No More Freebie Tickets for Political Insiders at U.S. Bank Stadium
The free ride for luxury suite tickets to Vikings games and other events at U.S. Bank Stadium for political pals of Minnesota Sports Facilities Authority big-wigs Ted Mondale and Michele Kelm-Helgen has ended as abruptly as a Vikings’ playoff run.
No more freebies for insiders and family members that populate the list of ticket recipients being released by MSFA this afternoon. The Star Tribune reports Mondale and Kelm-Helgen have suddenly seen the light, banning the distribution of tickets to games and other events for any purpose except for work directly related to marketing the stadium.
The government body that runs U.S. Bank Stadium proposed a ban Monday on the recently revealed practice of board members bringing friends and family as guests to Minnesota Vikings games and concerts and released the names of guests, which included many family members of board members.
Minnesota Sports Facilities Authority (MSFA) Chair Michele Kelm-Helgen and executive director Ted Mondale say the five-member board will consider the change during the regularly scheduled monthly meeting Friday.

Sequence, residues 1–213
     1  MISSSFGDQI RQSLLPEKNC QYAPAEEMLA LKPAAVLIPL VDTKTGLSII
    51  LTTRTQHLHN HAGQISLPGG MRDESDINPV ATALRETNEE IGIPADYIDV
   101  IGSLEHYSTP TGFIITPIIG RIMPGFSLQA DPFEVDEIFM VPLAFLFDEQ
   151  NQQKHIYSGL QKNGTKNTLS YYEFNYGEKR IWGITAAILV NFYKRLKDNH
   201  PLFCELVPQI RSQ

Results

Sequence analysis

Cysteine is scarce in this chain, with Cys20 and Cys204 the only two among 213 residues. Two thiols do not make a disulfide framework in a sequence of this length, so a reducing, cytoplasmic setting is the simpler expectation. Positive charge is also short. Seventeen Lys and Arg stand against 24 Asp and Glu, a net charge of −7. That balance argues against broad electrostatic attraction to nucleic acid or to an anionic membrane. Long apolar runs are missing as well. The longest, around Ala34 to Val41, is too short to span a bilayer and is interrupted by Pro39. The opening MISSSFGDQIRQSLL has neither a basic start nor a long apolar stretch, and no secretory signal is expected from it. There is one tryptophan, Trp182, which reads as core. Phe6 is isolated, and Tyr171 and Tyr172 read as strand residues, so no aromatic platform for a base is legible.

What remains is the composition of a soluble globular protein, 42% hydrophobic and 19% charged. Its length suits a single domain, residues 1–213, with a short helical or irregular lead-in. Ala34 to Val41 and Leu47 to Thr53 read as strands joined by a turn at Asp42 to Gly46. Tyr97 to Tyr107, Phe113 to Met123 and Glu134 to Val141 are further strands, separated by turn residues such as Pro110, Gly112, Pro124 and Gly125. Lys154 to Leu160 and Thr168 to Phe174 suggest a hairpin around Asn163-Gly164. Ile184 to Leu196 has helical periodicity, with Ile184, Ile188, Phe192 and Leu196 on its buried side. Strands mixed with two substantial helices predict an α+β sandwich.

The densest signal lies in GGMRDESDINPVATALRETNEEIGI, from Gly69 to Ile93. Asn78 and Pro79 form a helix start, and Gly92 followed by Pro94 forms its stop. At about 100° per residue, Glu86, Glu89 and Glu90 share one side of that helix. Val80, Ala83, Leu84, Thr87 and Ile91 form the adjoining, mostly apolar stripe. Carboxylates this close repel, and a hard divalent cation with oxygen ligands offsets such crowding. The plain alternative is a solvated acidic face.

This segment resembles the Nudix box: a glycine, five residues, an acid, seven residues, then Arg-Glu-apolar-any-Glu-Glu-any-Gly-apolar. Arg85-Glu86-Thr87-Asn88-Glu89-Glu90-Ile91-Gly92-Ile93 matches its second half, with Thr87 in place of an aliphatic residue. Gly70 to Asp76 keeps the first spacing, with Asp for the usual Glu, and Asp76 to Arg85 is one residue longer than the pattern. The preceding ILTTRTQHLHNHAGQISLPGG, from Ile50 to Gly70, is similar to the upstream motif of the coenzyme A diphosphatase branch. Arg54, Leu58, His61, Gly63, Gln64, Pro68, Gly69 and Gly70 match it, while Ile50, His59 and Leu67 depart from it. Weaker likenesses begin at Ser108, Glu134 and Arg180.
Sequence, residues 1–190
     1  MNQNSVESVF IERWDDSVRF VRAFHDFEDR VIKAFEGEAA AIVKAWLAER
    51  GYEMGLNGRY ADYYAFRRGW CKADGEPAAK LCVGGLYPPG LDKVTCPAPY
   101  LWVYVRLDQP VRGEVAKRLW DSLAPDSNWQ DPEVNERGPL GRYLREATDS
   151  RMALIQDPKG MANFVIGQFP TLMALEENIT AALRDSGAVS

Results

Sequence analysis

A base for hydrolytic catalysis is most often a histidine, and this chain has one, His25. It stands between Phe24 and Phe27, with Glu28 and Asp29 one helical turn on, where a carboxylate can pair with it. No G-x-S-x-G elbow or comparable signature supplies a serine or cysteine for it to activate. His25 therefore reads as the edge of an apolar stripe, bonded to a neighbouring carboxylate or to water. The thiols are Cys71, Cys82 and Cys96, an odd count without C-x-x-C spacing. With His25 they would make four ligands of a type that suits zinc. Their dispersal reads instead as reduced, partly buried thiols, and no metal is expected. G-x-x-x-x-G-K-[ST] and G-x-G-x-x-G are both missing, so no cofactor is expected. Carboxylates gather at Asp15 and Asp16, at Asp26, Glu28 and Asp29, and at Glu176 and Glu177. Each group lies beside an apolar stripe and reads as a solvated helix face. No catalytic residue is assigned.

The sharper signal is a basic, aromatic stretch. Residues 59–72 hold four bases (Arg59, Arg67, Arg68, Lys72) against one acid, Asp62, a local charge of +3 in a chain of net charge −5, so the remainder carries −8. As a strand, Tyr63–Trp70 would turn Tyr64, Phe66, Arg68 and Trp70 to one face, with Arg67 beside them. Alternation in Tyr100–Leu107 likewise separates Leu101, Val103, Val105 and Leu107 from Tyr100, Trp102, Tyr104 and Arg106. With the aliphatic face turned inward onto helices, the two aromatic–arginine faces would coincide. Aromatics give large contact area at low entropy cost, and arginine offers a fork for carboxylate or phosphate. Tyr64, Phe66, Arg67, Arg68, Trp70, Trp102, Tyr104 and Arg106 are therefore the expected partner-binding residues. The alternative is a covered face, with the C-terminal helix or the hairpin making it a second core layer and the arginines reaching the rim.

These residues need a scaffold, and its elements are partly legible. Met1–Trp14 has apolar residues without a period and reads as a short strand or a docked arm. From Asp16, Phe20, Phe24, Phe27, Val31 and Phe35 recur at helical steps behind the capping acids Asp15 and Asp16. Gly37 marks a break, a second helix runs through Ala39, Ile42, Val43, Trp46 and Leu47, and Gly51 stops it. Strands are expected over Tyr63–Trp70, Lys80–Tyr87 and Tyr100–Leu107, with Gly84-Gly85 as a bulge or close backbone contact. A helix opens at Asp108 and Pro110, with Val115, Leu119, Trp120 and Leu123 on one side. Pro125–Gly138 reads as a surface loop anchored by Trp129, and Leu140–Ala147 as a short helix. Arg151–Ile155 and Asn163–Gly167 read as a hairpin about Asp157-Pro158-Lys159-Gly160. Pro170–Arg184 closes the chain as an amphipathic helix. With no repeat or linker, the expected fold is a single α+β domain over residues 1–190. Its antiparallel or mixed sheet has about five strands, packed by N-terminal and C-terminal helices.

In a statement, Kelm-Helgen said, “Let me be clear — friends and family of MSFA commissioners will no longer have access to MSFA suite tickets, and the suites will only be used for event marketing purposes.”
Revelations that Dayton Administration officials, Minneapolis city officials and others were given tickets to NFL games, food and liquor in the MSFA suites led Minnesota Legislative Auditor Jim Nobles to initiate an investigation into the perk. House and Senate legislators have criticized the lack of transparency by MSFA officials, hinting at legislative hearings to look into the suites and why both Mondale and Kelm-Helgen hold down six-figure salary jobs.
In a story on Nov. 20, the Star Tribune reported that Kelm-Helgen and Mondale controlled access to two lower-concourse luxury suites at the $1.1 billion stadium that opened in August. The suites accommodate 18 guests each and sell for at least $200,000 for the full 10-game Vikings season. The MSFA refused to reveal who had been in the suites — with the exception of the names of 12 public officials who had reimbursed for their tickets after a reporter began asking question.
Since the Star Tribune began requesting information on guests in the MSFA suites, the agency has collected more than $21,000 from attendees. Many of those checks were collected months after guests attended games.